Indeed, Métal Urbain’s antipathy wasn’t limited to their music. “We already had contacts in England when Stinky Toys played the 100 Club,” remembers their synth player Eric Débris. “We didn’t like them and thought they shouldn’t be there, that English people would get the wrong opinion about French punk rock. Stinky Toys were a copycat group posing as an English group, singing in English, playing basic rock, Keith Richard stuff. It wasn’t really new, but they had more connections.”
           
After forming in summer 1976, Métal Urbain were determined not to compromise. “We decided to write in French,” explains Eric. “There was no influence from French music. We tried to do something not resembling anyone, we started playing around with electronics and guitars in 1975. We wanted to play the music we couldn’t hear on the radio – something was missing.”
 
But finding an audience was difficult. After debuting at Paris’ Golf Drouot on 6 December 1976 to an audience of long-hairs intent on beating them up, Métal Urbain found they could only play venues they’d hired. The Golf Drouot was the spiritual home of French rock ‘n’ roll. At the corner of Boulevard Montmartre and Rue Drouot, the night club/mini-golf venue had sprung to attention after Johnny Hallyday and his crowd began hanging out there in 1958. It was hardly the right setting for icon busters like Métal Urbain. “We had only three clubs in Paris,” recalls Eric. “We tried to tour and it was impossible. We would have three, four dates, then it would collapse. Rock wasn’t taken seriously in France at the time. We had to play England.”
           
While in London to play the Roxy and Vortex during November 1977, Métal Urbain wandered into Rough Trade to check out the shop that had been selling their self-issued single Panik. They were instantly offered the chance to record another single and Paris Maquis duly became the first release on the new Rough Trade label. After a Peel session and a show at the 100 Club, Métal Urbain returned to a Paris just coming to terms with punk. A March 1978 residency at Le Gibus was followed by an appearance at the legendary Olympia Theatre’s ‘La Nuit Punk’. Although everything seemed to be going well – a third single, Hystérie Connective, was released by the UK indie Radar – singer Clode Panik left and the band played its last show in December 1978. The band mutated, first into The Metal Boys and then Dr Mix and the Remix, but the spirit of French punk would always be defined by the pioneering Métal Urbain.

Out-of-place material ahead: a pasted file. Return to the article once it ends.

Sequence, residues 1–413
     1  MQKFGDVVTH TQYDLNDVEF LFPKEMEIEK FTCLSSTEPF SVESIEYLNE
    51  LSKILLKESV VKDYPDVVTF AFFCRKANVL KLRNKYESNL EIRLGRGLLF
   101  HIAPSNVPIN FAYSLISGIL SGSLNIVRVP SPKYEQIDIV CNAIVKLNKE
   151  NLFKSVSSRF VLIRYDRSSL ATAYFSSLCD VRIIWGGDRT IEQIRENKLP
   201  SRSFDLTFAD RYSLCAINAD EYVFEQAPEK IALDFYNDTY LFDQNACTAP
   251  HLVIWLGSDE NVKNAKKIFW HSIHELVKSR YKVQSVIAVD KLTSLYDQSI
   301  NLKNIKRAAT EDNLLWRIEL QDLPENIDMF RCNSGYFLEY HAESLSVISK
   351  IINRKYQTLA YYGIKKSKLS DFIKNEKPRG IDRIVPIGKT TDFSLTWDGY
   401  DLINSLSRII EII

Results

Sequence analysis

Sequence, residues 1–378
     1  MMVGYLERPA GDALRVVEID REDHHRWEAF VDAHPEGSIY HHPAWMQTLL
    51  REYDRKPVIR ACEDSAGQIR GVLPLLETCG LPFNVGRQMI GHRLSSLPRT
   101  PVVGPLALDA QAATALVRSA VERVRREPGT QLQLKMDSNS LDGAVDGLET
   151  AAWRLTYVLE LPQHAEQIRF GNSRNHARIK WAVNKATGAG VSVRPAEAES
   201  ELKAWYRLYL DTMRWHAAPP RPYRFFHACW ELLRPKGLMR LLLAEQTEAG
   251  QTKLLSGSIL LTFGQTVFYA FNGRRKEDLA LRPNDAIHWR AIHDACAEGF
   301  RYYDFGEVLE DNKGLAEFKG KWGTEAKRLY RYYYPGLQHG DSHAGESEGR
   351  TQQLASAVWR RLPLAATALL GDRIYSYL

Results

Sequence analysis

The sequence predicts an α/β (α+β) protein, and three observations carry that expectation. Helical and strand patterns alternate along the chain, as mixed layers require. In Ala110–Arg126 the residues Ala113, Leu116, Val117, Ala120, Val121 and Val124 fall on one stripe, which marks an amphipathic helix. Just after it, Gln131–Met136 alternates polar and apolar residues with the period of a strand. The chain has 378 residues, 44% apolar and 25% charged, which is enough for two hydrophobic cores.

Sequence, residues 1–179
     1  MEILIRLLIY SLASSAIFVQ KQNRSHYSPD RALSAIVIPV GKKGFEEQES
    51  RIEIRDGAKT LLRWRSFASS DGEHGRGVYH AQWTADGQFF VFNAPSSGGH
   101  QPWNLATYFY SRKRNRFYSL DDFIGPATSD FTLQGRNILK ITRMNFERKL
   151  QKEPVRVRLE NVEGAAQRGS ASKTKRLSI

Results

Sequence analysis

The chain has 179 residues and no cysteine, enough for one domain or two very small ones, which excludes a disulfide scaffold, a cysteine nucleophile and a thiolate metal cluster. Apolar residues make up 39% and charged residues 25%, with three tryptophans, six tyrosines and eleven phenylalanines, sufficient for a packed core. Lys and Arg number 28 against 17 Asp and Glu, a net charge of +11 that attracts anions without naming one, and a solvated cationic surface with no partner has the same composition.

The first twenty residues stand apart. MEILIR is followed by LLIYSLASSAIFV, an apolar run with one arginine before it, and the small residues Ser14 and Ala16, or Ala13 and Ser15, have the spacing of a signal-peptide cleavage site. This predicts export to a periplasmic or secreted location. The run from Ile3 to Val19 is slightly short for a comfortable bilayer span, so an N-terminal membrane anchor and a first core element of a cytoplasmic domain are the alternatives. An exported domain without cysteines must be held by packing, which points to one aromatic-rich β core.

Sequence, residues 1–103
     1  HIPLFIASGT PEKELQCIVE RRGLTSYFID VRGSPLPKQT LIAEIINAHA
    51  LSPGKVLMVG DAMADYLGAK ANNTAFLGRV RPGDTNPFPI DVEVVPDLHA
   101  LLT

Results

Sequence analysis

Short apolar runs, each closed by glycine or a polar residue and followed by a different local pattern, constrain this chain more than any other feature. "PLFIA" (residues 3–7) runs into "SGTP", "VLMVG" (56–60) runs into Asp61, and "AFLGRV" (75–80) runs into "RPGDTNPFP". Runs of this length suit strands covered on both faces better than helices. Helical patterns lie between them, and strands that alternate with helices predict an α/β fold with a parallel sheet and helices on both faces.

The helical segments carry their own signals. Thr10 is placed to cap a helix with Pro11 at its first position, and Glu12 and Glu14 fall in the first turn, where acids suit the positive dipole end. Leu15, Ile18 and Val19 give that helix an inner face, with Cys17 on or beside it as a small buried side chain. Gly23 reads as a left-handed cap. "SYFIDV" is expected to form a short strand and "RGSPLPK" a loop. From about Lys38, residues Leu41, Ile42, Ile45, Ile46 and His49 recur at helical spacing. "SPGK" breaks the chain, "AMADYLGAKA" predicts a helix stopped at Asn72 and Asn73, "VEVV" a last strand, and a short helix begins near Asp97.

Eric welcomes the reappraisals. “Nos Années Punk’ helped a lot because there wasn’t anything written about that period,” he says. “Also, a lot of people who are now in charge of the music industry and advertising were around during that period. It’s the music they grew up with. Now they can say that music was good.”
 
© Kieron Tyler
 
GET THESE:
 
‘Nos Années Punk’ by Christian Eudeline (Editions Denoël)
‘Nos Années Punk 1977 1980’ (Capitol Records)
‘Métal Urbain - Chef D’Oeuvre’ (Seventeen).
‘Les Plus Grands Succès Du Punk’ (Skydog)
‘Les Plus Grands Succès Du Punk II’(Skydog)
The four-CD set ‘Punk En France’ (Remedy Records), although cheap and including some vintage gems, should be treated cautiously, as it has no annotation and includes too much 80s/90s French ska and quirkily irritating new wave. See fnac.fr or amazon.fr